Since publishing the Critical Rare Earths report earlier this month, I’ve received plenty of feedback on its contents, and the approach that I took with it. I particularly appreciate the interest in, and coverage of the report by RareMetalBlog and REE World. I’ve had some great dialog with folks who don’t necessarily agree with some of the findings of the report, but who were capable of having such discussions in a civilized and cordial manner. That is always appreciated.
For the most part, such discussions (and subsequent disagreements) have focused on what it means to be a “leading contender of supply”. I recognize that using such a term can be provocative. In the context of Critical Rare Earths, I was as clear as I think I could have been in indicating that my use of the term related to the potential strategic value of deposits, by virtue of the presence of appreciable quantities of specific critical rare-earth oxides (CREOs), not to their potential financial value. This will always be the first “port of call” from the strategic perspective, a perspective not necessarily shared by individual junior exploration and mining companies and their investors, who are first and foremost interested in the opportunities to make money.
Despite my best efforts, this important (albeit nuanced) distinction was perhaps lost on the intended audience. It led to a few misleading headlines and write ups on the document. Some would argue that the risk of misinterpretation of complex information outweighs the value of publishing it, but on this, I would (perhaps obviously) have to disagree. In any future edition of Critical Rare Earths I will obviously look for ways to improve, to clarify and to update the contents; it will still be the responsibility of the reader, however, to thoroughly read this (or any other) document, before being able to assess its contents.
I stand by my perspective that deposits with a significant presence of particularly important CREOs have specific strategic importance, beyond that of dollars and cents. However, in the absence of the intervention of a government entity who could theoretically acquire and bring any project on-stream, by circumventing the usual “go / no go” hoops to be jumped through for the purposes of raising private money (such as Preliminary Economic Assessments, Pre-Feasibility Studies and the like), we are reliant on the market as it is actually unfolding today. Regardless of which projects “should” be developed for strategic purposes alone, I willingly acknowledge the important role that the most advanced rare-earth development projects of today will potentially play, in providing the supply chain with future means of accessing important elements and compounds.
When we look at the market as it is unfolding today, the reality is that there is only a small group of rare-earth projects that are currently beyond the exploration stage and well on their way to full development, assuming that they can raise the money to get the job done. That is certainly not a knock on companies that are still doing exploration on their projects; but clearly such projects will have to transition from exploration, to advanced-development mode, before they can be further advanced, commercially.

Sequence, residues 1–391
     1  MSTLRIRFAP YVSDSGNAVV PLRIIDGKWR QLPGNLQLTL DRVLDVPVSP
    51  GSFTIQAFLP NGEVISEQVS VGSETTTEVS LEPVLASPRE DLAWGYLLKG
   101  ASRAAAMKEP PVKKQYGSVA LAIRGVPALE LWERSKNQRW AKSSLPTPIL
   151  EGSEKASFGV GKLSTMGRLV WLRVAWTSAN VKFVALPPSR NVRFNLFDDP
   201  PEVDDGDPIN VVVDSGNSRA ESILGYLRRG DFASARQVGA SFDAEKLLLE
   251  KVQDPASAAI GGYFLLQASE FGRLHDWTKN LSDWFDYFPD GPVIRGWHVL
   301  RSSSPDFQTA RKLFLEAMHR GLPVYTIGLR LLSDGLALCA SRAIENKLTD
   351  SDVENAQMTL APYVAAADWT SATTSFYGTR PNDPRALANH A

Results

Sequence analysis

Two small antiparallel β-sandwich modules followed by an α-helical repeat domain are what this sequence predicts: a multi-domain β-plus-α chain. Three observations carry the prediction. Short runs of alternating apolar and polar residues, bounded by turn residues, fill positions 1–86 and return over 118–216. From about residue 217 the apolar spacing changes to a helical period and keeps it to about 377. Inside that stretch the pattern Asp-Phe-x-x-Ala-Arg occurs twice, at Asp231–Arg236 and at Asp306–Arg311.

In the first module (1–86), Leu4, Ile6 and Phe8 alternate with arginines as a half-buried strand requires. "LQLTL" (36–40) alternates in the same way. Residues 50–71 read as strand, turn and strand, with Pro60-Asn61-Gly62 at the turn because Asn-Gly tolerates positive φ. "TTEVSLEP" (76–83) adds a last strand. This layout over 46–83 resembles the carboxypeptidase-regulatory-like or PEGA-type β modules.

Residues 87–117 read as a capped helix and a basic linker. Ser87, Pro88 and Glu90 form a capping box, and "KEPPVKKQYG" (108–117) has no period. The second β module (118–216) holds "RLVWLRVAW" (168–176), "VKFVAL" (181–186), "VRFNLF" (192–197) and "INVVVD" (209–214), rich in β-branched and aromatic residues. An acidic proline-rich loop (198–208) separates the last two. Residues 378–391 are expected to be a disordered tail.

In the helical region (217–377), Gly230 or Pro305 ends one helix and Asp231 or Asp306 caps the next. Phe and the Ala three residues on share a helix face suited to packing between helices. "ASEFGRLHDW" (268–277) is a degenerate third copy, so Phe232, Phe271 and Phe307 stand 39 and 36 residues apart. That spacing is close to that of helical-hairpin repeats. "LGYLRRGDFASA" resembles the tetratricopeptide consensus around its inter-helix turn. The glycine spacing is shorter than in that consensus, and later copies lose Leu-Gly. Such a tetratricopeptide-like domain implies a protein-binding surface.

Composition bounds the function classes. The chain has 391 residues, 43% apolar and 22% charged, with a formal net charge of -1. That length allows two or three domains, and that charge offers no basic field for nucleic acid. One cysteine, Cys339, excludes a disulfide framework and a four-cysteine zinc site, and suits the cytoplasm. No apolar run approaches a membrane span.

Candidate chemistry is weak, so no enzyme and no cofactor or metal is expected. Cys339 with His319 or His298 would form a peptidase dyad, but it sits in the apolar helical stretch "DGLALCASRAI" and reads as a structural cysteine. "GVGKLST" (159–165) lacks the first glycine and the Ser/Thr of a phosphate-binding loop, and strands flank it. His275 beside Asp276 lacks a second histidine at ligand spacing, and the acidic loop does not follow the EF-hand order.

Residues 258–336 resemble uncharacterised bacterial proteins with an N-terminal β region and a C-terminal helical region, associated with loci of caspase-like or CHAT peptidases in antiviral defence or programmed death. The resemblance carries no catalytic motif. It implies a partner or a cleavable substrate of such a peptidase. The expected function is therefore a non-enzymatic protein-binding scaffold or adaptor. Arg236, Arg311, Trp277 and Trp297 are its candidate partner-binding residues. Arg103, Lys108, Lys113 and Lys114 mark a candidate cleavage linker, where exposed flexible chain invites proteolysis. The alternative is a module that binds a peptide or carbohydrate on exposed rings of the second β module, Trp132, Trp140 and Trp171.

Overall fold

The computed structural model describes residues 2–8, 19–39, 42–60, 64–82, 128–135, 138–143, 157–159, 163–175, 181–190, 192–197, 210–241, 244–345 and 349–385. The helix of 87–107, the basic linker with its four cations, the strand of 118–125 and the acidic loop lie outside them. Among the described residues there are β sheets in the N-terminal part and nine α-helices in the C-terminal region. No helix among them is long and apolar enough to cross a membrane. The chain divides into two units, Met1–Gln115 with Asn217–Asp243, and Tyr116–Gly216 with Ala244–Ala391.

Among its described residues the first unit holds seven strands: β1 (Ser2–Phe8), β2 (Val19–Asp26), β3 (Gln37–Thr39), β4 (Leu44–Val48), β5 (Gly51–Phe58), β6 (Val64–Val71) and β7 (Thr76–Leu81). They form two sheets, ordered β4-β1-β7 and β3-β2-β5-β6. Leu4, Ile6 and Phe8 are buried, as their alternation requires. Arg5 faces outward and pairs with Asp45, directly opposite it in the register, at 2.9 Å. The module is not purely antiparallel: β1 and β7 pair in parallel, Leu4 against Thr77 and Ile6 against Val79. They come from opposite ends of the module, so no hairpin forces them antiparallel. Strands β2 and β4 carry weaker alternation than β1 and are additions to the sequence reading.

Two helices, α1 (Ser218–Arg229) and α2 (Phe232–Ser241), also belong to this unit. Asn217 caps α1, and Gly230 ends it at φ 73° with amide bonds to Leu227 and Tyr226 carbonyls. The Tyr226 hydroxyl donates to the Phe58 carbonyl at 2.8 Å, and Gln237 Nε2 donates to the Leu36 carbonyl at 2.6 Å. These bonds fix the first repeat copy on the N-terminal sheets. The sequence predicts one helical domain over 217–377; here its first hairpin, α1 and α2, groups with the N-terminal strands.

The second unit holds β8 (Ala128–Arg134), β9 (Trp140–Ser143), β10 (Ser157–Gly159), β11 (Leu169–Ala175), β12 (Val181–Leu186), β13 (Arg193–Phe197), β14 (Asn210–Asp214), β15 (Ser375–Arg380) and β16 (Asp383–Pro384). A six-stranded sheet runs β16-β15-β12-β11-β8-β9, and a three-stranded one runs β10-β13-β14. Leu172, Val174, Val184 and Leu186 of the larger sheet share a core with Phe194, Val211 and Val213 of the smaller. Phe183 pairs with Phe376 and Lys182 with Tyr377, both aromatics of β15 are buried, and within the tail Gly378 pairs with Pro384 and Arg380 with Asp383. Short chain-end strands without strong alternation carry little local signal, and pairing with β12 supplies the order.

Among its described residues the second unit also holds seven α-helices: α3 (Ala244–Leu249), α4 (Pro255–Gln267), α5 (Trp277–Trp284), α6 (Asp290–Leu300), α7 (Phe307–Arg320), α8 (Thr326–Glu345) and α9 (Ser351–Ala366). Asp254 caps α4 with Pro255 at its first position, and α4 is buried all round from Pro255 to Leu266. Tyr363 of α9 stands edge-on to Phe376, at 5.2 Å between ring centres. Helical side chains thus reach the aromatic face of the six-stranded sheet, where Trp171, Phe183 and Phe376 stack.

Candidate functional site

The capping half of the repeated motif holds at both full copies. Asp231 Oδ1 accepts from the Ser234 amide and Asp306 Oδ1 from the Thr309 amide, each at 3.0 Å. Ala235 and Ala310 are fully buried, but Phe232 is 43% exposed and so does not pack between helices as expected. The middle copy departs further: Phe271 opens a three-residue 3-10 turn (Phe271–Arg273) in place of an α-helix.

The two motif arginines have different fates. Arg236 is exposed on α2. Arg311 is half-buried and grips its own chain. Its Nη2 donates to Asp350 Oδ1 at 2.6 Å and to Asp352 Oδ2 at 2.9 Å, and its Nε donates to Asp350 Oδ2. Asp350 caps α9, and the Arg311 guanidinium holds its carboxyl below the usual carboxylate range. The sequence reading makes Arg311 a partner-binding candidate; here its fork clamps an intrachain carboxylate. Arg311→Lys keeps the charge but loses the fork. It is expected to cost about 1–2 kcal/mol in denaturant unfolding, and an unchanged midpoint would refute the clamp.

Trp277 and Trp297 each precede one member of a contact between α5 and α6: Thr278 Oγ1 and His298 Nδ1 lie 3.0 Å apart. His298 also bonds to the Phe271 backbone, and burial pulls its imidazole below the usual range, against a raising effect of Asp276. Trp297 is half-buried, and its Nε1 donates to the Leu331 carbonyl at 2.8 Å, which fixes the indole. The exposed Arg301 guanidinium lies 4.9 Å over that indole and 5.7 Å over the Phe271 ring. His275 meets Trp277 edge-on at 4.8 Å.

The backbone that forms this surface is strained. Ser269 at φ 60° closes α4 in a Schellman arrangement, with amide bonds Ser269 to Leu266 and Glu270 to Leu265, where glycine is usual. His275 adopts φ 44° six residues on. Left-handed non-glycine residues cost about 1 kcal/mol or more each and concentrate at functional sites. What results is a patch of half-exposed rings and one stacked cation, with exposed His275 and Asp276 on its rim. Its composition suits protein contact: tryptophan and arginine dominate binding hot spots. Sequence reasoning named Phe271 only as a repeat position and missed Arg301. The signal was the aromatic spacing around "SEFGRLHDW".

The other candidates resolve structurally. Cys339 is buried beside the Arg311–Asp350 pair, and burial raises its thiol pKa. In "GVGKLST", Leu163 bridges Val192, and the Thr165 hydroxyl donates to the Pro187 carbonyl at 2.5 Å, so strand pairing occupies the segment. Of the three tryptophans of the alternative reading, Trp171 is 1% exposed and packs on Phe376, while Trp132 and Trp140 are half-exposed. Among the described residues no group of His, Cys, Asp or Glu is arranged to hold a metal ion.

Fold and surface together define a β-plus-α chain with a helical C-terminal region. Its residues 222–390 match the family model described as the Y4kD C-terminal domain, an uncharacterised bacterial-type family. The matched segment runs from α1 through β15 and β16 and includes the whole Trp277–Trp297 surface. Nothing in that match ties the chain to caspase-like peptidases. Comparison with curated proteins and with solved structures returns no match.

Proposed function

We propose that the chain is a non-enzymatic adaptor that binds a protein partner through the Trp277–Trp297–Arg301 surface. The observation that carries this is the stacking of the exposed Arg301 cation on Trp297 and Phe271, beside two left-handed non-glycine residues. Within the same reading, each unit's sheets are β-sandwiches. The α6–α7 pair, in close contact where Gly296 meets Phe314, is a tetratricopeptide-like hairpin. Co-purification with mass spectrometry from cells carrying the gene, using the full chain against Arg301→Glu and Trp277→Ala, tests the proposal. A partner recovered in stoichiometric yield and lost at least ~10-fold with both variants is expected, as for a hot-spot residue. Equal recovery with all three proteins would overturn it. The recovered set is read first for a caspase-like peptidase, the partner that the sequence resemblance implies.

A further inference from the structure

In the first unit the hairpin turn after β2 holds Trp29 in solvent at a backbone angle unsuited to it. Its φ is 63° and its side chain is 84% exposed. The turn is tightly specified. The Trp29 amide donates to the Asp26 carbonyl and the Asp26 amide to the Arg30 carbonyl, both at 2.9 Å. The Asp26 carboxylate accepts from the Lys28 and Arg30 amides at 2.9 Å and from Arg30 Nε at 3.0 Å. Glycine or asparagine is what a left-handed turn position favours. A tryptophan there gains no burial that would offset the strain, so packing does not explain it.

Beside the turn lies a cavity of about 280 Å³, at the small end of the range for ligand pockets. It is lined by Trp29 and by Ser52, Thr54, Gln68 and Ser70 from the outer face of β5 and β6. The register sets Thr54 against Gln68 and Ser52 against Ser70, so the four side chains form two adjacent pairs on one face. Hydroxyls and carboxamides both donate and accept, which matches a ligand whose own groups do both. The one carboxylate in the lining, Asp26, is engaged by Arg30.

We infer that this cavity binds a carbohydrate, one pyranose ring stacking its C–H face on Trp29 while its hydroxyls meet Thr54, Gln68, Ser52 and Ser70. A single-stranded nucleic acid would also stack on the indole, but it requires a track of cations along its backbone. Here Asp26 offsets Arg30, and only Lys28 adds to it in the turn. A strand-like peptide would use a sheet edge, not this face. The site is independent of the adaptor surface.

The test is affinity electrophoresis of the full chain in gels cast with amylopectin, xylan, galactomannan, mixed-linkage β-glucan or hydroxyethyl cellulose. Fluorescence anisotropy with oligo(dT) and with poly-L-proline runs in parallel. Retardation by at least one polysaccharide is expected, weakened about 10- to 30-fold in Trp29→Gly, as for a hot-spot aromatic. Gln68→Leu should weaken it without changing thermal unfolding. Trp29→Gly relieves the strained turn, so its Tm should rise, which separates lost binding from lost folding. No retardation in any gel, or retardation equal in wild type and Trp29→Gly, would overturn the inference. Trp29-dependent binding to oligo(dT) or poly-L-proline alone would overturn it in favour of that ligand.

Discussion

Such advanced projects have clearly defined resources at the indicated and / or measured levels, and, in a few cases, their owners have been able to formally convert part of those resources to reserves (i.e. they have been deemed to be economically mineable). They have successfully completed comprehensive pre-feasibility studies, and / or are either on their way to developing definitive / bankable feasibility studies and / or have already started the construction of their mining and processing operations. As such, at present they probably stand the highest chances of commercial success, if for no other reason than that they’ve “made it this far”, ahead of everyone else.
The list of privately (i.e. non-government) financed projects that meet the above description includes (in alphabetical order) Dubbo, Mount Weld, Mountain Pass, Nechalacho, Nolans and Steenkampskraal. In terms of actual new non-Chinese output in the next few years, (as opposed to the theoretical, projected outputs examined for the purposes of establishing best / potential worst-case supply scenarios in the Critical Rare Earths report), it is to these projects that we are surely going to be looking first (assuming that any monies still to be raised, have been raised).
The next “tier” of privately funded projects, currently undergoing pre-feasibility studies, includes Bear Lodge, Kvanefjeld and Strange Lake, and depending on the outcomes of those studies, we can expect one or more of these projects to potentially join the others in the latter stages of the development lifecycle, sometime in the near future.
Including those mentioned above, TMR currently tracks 20 different rare-earth projects in its Index; in the near future we’ll be adding additional “color” to that Index, using criteria including those described above, to help folks further differentiate the different stages of development at which each of the various projects curently finds itself.
In the meantime, I look forward to seeing the successful completion of each important developmental milestone in this sector. The supply chain beyond is counting on it…
(first published at RareMetalBlog).